It is time for a new season in life for Kinsley…and for me and for Gail. I have stepped into a coaching role, shaping leaders, teaching, mentoring, creating new expressions of influence, research and exploration. And it is wonderful.
Gail has launched SACRED, and place where the soul can rest. You can see what she does at www.mylifeissacred.com. Son Ryan is heading off to graduate school. It is a time for us to create, embrace and thrive into the new.
Maybe this is the time for you as well. Whether you are 25, 55, or 75, before you lies something that God has been preparing, and it is time for you to walk into it. It is the end of one era…and the start of something new.
You’ll see more of what I am doing, new areas of teaching and training for community life, and development strategies for leaders. It will all be part of a new website in a month or so.
Early this morning I received a very sad email. I sat wondering, “Where is God in all this mess. Why? Why now? Why this man? Hasn’t he suffered enough with his cancer and his many trials?”
It has been said, “All true community begins at the edge of suffering”
Before me sits a Bible, filled with stories of pain and suffering and redemption. These stories unnerve us, encourage us, and then remind us of things eternal. We become sober to the realities of life in a broken world. Still I ask, “Where is God when it hurts?” The answer should not surprise us. It is embedded in this email.
Here it is, edited and with names changed, but you will get the idea. This man is suffering with cancer that is rare and hard to treat. And then this email from his wife…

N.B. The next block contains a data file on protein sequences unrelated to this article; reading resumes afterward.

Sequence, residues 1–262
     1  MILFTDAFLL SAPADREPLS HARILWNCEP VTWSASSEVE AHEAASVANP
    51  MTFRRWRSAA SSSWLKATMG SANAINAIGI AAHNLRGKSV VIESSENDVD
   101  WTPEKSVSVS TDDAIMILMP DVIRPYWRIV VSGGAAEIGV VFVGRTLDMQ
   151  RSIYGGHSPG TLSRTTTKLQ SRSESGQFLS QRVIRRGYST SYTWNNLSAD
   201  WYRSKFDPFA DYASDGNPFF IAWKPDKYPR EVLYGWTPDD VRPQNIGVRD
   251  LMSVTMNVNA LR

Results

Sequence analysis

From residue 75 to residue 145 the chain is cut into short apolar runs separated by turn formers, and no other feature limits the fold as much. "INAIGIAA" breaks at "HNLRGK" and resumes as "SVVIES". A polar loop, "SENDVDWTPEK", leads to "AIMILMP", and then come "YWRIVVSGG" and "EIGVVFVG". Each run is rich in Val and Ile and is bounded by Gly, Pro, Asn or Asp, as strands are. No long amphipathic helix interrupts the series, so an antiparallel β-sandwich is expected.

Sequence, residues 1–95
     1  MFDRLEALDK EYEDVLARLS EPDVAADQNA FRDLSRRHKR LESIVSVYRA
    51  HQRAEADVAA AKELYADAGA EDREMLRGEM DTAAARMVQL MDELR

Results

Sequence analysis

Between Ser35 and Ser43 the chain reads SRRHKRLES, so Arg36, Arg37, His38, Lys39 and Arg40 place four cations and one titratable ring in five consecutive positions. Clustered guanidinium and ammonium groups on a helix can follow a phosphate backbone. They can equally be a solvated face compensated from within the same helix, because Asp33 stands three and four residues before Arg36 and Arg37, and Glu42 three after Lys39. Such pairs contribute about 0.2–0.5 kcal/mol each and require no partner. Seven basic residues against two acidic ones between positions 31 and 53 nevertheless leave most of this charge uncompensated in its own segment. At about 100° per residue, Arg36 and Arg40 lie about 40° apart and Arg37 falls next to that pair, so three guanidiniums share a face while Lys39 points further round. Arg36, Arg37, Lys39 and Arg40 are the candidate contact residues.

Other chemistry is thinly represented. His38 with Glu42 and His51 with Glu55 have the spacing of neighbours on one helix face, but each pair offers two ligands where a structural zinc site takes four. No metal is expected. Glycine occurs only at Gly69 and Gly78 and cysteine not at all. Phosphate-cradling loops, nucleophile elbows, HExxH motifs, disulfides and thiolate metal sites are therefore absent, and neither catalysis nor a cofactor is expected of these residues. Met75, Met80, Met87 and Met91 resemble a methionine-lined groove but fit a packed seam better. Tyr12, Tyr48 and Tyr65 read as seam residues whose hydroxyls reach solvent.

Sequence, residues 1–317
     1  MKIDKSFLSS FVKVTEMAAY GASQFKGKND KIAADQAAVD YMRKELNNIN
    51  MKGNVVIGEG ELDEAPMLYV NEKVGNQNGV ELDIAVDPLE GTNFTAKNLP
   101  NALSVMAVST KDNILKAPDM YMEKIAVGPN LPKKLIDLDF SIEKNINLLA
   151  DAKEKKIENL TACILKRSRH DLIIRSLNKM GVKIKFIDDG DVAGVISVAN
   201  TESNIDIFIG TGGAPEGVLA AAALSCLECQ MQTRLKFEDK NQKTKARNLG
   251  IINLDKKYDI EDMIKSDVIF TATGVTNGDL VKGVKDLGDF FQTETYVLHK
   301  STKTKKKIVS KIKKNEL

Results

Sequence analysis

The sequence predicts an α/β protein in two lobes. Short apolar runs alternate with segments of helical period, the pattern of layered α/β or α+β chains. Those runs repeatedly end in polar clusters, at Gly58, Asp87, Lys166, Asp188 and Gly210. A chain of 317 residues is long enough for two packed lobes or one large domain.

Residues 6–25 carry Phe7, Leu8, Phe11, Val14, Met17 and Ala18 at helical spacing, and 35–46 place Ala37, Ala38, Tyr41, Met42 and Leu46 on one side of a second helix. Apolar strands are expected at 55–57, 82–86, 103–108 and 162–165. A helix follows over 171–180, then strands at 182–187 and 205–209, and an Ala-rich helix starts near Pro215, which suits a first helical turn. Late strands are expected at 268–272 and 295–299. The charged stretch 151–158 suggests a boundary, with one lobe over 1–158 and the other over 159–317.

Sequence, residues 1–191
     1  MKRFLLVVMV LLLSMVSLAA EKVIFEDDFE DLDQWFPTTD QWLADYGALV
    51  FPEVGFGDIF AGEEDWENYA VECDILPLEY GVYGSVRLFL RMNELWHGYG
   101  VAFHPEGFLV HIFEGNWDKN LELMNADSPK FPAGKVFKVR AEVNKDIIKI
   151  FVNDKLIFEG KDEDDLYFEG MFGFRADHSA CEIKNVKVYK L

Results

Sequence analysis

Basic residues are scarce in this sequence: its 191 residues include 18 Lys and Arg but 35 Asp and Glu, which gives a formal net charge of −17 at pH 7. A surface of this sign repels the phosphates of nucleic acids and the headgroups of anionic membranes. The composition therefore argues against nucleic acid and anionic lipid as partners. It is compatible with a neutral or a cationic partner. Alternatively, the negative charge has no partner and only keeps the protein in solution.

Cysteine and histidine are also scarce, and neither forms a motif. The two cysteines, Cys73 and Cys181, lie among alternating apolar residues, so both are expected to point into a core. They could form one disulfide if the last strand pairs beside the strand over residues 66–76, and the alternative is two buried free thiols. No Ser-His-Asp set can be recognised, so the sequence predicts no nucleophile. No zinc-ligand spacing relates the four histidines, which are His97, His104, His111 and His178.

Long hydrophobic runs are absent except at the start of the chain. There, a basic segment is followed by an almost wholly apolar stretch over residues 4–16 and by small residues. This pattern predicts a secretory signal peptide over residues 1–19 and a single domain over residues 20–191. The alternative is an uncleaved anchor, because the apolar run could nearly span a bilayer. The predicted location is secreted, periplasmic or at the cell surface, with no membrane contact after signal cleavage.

Yesterday, at about 4:45 p.m., Mike was rear ended, spun into oncoming traffic and then T-boned. He was in a small rental car that was totaled. He was taken to the hospital and into surgery just after 7. He remained conscious and calm. He was very cold – not in much pain, not scared. He kept telling me he wasn’t scared, that he was ready, that he knew he was forgiven, saved by grace, and loved by his Father. We prayed a lot. He was mostly calm, always conscious, very well aware of what had happened.
The nurses were crying and rushing and more and more doctors and machines and nurses came. He had some deep lacerations to his head; he was bleeding. He was on a backboard, coughing, having difficulty breathing, frustrated with being strapped down and held in place. His spleen needed to come out and he had many breaks and fractures. His heart rate was too fast and his blood pressure too low. They gave him several units of blood.
They took him into surgery. He was brave! Our family and close friends joined us.